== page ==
FANNIE IN THE KITCHEN

Hopkinson (Band of Angels, 1998, etc.) documents domestic history in the making, using real people and fleshing out a true, little-known episode. Young Marcia Shaw, considering herself quite competent at household tasks, is considerably annoyed when her expectant mother announces the arrival of a mother’s helper named Fannie Farmer. Not only can Miss Farmer really cook, however, she turns out to be a patient teacher, guiding Marcia past one culinary disaster after another by writing down step-by-step directions, and in the process inventing the modern recipe. For the pictures, Carpenter has transferred, colored, and seamlessly added details to actual 19th-century illustrations, sometimes to hilarious effect: in one scene, for instance, after Marcia is sent to the kitchen to order more biscuits, her supposedly prim and proper mother can be seen through the doorway enthusiastically licking her plate. The tale is presented in episodic “Courses,” framed quotes from Miss Farmer’s now-famous cookbook hang on the wall in many scenes, and an afterword (plus a recipe) follows the triumphant conclusion, in which Marcia proudly navigates a recipe to make an enormous Golden Cake all on her own. Delicious! (Picture book. 7-10)

Pub Date: May 1, 2001

ISBN: 0-689-81965-X

Page Count: 40

Publisher: Anne Schwartz/Atheneum

Review Posted Online: May 20, 2010

Kirkus Reviews Issue: March 15, 2001

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A picture book worth reading about a historical figure worth remembering.

THE AMAZING AGE OF JOHN ROY LYNCH

An honestly told biography of an important politician whose name every American should know.

Published while the United States has its first African-American president, this story of John Roy Lynch, the first African-American speaker of the Mississippi House of Representatives, lays bare the long and arduous path black Americans have walked to obtain equality. The title’s first three words—“The Amazing Age”—emphasize how many more freedoms African-Americans had during Reconstruction than for decades afterward. Barton and Tate do not shy away from honest depictions of slavery, floggings, the Ku Klux Klan, Jim Crow laws, or the various means of intimidation that whites employed to prevent blacks from voting and living lives equal to those of whites. Like President Barack Obama, Lynch was of biracial descent; born to an enslaved mother and an Irish father, he did not know hard labor until his slave mistress asked him a question that he answered honestly. Freed by the Emancipation Proclamation, Lynch had a long and varied career that points to his resilience and perseverance. Tate’s bright watercolor illustrations often belie the harshness of what takes place within them; though this sometimes creates a visual conflict, it may also make the book more palatable for young readers unaware of the violence African-Americans have suffered than fully graphic images would. A historical note, timeline, author’s and illustrator’s notes, bibliography and map are appended.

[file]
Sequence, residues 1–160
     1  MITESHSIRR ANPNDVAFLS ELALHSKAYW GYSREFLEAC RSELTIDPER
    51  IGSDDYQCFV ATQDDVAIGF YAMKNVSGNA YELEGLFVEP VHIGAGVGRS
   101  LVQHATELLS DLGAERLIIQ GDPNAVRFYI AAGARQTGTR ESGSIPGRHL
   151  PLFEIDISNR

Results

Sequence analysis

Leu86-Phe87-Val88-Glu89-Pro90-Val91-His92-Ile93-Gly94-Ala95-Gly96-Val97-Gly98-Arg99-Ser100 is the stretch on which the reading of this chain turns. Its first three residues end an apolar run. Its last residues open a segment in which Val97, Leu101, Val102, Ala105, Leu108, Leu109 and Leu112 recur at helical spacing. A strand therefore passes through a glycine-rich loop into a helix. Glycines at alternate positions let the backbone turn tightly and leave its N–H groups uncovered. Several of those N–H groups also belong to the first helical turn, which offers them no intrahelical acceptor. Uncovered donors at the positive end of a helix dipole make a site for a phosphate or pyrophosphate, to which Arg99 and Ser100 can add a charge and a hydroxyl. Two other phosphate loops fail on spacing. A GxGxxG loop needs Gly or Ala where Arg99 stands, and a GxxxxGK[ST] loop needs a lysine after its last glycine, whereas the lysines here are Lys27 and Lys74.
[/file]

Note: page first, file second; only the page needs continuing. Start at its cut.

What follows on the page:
A picture book worth reading about a historical figure worth remembering. (Picture book biography. 7-10)

Pub Date: April 1, 2015

ISBN: 978-0-8028-5379-0

Page Count: 50

Publisher: Eerdmans

Review Posted Online: Feb. 3, 2015

Kirkus Reviews Issue: Feb. 15, 2015

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26 FAIRMOUNT AVENUE

            The legions of fans who over the years have enjoyed dePaola’s autobiographical picture books will welcome this longer gathering of reminiscences.  Writing in an authentically childlike voice, he describes watching the new house his father was building go up despite a succession of disasters, from a brush fire to the hurricane of 1938.  Meanwhile, he also introduces family, friends, and neighbors, adds Nana Fall River to his already well-known Nana Upstairs and Nana Downstairs, remembers his first day of school (“ ‘ When do we learn to read?’  I asked.  ‘Oh, we don’t learn how to read in kindergarten.  We learn to read next year, in first grade.’  ‘Fine,’ I said.  ‘I’ll be back next year.’  And I walked right out of school.”), recalls holidays, and explains his indignation when the plot of Disney’s “Snow White” doesn’t match the story he knows.  Generously illustrated with vignettes and larger scenes, this cheery, well-knit narrative proves that an old dog can learn new tricks, and learn them surpassingly well.  (Autobiography.  7-9)

Pub Date: April 1, 1999

ISBN: 0-399-23246-X

Page Count: 58

Publisher: Putnam

Review Posted Online: May 20, 2010

Kirkus Reviews Issue: April 15, 1999

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